By JENNIFER JOHNSON, Pioneer Press / Chicago Tribune
When intruders targeted Dan and Barbara Donovan’s Niles home earlier this month, they picked the wrong couple to burglarize.
Instead of fleeing the modest brick house with valuables, the three men ran in fear as Dan, 81, chased them out the door with an antique shillelagh, a wooden Irish walking stick that once belonged to his grandfather.
“I hit the one guy on the back of his head,” Donovan, a former Marine, recalled. “I’m certain he had a headache.”
It was late afternoon on Nov. 4 when the couple, 50-year residents of Niles, heard a knock at their door and found a man wearing a reflective vest and a face mask standing outside. The visitor, who was carrying what appeared to be tools, said he was there to check their “fuse box” due a recent fire in the area.
Barbara Donovan said the visit did not immediately seem unusual.
“We had received a letter from the electric company the day before,” Donovan said, explaining that the letter indicated work would be taking place in their area and would include power outages. “So when he said he was with the electric company, we let him in.”
What the couple didn’t immediately realize was that the man wasn’t a utility worker — and he wasn’t alone. As he led the couple into the basement of their home, two additional people sneaked inside through the now unlocked door.
Downstairs, Barbara Donovan began to feel suspicious about the man who was looking over her electric circuit panel.
“I kept backing up and he kept saying, ‘Come over by me,’” Barbara said. “He said, ‘If you’re home alone, you won’t know what to do,’ and kept telling me to come closer to him. I thought that was kind of weird.”
Suddenly, Barbara heard the squeak of floorboards above her head.
“I yelled, ‘Danny! Somebody’s in our bedroom!” she said.
Barbara bounded up the steps, followed by her husband and the so-called utility worker. When they reached the main floor, the Donovans discovered there were more than just the three of them inside.
“I started chasing them to get them out of my house,” Dan Donovan said.
That’s when he grabbed his grandfather’s shillelagh, which was propped up in the corner of the couple’s dining room.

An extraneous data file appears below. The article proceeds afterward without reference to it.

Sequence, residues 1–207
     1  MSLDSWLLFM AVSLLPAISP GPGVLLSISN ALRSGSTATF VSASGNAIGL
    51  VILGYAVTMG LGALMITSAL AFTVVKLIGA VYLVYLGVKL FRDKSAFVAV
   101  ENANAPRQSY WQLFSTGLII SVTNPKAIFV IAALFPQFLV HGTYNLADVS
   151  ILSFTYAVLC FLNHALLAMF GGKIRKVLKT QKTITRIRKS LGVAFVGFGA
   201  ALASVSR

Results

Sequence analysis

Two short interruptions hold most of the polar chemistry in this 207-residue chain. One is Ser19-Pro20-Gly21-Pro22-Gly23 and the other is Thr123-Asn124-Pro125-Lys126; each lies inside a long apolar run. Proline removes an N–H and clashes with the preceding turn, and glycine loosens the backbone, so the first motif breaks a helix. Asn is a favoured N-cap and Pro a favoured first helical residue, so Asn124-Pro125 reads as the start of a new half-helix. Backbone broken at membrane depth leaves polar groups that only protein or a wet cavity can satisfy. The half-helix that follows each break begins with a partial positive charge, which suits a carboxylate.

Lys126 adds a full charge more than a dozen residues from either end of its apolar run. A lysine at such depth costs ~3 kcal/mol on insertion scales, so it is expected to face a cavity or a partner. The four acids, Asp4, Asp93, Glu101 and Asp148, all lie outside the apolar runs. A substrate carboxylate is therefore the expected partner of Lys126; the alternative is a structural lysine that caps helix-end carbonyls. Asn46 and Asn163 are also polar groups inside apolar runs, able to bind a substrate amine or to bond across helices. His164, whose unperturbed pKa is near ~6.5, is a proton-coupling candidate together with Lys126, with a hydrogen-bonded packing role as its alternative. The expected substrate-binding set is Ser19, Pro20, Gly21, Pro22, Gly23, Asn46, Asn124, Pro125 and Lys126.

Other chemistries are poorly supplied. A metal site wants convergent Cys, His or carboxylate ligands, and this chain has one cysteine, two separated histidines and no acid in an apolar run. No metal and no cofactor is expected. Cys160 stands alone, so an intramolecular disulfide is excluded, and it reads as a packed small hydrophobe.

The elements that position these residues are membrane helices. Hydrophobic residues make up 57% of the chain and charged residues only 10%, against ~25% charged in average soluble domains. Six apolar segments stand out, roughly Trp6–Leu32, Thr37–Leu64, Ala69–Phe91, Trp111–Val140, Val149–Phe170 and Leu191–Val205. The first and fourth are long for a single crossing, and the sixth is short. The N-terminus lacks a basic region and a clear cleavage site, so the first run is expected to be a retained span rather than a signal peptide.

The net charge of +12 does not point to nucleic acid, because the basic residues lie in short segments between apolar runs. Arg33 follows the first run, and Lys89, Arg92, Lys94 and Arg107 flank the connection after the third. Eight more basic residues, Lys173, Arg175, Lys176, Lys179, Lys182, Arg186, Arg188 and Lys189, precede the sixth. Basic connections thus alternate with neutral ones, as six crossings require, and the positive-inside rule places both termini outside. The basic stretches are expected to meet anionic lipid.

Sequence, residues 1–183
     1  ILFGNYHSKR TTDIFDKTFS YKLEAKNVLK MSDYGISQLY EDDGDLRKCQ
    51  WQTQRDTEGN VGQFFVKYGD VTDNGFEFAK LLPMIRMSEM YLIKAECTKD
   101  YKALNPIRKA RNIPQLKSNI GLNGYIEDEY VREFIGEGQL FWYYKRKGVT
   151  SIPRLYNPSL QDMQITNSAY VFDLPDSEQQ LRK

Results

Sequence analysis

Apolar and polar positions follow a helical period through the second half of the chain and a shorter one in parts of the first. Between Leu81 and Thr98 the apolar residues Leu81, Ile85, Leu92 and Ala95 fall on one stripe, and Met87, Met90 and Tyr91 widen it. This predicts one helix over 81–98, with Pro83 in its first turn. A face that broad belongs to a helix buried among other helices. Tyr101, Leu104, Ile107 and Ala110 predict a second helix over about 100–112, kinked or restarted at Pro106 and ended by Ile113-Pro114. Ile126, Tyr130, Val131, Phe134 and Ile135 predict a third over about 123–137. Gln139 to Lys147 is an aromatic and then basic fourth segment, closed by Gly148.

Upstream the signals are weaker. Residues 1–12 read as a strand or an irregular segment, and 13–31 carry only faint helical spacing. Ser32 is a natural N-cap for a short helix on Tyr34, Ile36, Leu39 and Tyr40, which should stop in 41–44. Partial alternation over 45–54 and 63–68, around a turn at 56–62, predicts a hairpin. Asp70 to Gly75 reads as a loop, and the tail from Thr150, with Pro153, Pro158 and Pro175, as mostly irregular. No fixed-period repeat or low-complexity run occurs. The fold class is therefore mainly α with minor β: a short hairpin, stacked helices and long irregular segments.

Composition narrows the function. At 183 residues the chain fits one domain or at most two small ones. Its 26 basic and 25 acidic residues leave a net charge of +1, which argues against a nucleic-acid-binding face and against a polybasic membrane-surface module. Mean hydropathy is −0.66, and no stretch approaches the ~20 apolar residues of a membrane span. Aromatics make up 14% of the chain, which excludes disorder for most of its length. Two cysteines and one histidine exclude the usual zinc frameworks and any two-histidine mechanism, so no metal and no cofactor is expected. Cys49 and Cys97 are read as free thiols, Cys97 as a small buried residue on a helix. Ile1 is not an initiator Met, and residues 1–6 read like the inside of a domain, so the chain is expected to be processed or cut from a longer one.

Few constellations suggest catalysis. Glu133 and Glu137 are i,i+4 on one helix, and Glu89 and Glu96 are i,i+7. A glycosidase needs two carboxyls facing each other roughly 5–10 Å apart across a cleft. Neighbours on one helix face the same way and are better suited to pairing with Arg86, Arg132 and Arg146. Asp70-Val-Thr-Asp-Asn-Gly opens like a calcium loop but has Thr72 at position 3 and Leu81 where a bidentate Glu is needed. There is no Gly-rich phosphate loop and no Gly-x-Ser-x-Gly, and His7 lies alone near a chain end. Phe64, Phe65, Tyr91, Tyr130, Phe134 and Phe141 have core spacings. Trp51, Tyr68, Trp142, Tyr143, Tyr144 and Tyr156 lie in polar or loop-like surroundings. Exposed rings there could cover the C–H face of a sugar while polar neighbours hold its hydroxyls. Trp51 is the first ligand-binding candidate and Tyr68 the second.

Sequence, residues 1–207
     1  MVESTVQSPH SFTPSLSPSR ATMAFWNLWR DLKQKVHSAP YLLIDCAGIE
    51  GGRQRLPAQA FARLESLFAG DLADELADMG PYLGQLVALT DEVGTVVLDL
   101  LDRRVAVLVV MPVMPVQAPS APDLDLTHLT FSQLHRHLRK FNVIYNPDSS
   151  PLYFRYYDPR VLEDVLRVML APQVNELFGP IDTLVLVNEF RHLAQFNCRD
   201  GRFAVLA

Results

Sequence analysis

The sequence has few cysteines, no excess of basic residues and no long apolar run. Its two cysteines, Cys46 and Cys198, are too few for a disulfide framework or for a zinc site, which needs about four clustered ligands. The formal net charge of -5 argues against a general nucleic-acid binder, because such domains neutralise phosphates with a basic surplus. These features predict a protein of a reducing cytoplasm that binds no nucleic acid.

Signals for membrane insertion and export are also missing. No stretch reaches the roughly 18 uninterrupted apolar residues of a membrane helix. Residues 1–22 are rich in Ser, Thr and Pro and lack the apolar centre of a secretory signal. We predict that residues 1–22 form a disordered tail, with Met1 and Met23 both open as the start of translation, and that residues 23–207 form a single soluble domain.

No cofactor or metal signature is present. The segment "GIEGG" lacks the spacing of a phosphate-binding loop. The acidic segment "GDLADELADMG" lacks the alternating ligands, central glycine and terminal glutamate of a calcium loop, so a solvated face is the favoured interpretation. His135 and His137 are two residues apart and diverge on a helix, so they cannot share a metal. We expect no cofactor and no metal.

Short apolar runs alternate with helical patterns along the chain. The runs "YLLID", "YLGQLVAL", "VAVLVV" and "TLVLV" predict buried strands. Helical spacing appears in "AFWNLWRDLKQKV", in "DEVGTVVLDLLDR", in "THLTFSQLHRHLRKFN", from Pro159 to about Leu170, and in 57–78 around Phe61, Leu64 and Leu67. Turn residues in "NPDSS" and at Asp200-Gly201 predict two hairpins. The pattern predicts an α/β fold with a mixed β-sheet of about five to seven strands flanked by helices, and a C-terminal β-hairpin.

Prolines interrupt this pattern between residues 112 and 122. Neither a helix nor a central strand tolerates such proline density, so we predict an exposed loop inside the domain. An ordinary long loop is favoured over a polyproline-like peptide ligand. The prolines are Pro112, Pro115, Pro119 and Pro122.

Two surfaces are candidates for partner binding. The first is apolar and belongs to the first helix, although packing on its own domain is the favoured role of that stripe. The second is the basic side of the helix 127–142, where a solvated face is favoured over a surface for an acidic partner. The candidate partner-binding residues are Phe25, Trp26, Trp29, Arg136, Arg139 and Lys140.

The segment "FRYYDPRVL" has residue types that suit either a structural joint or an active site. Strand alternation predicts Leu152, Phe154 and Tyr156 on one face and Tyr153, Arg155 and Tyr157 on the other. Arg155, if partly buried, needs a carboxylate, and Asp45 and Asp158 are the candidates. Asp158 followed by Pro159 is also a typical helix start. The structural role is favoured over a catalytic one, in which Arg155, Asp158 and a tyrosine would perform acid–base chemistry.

“I was trying to find some type of persuasive weapon,” Donovan said. “So I picked up the Irish shillelagh and that turned out to be the equalizer because I managed to chase them out of the house.”
One of the men was carrying what Donovan recognized to be a pillowcase from bedroom. Shouting and swinging the shillelagh, Dan Donovan said he struck the man in the back of the head with the end of the walking stick, but he didn’t drop the pillowcase. He followed his partners in crime outside, but Donovan continued his pursuit. Barefoot, he approached the SUV they had parked in his driveway and began hitting it with the walking stick.
“I managed to get a good swing at the windshield and the rear window,” he said. “I think I cracked them both.”
In the meantime, Barbara Donovan said she was on the phone to police, who arrived shortly after the intruders fled the scene.
In all the excitement, and due to the darkening skies, Donovan acknowledged he was unable to get the license plate number or the make and model of the SUV.
Niles police, in their report of the incident, categorized what happened to the Donovans as a “ruse entry,” a common scam in which thieves, posing as utility workers, landscapers, other types of workers or neighbors, approach a home and lure the residents outside or into another part of the house while their partners sneak in and search for jewelry, cash and other small valuables.
The Donovans say they still aren’t quite sure what, if anything, the burglars stole, but they do know their pillowcase was taken and their bedroom drawers had been removed and rummaged through.
“They just scared the heck out of us,” Barbara said.
The couple acknowledged they feel somewhat chagrined that they didn’t catch on right away that they were victims of a scammer. Even their children, they say, ask them why they let the first man inside. Barbara points to the letter they received the day earlier from ComEd, though she now wonders if that, too, was part of the scam.
For his part, Dan Donovan praises his wife for quickly catching on to what the scammers were up to. The incident has taught him to be more alert, he said, and he urges others to do the same.
And while he doesn’t consider himself a hero, Barbara does.
“I felt a lot better when I saw him with the shillelagh because he was chasing them out of the house,” she said.
“Hopefully they got nothing more than a headache and hopefully they pursue another occupation,” Dan Donovan said.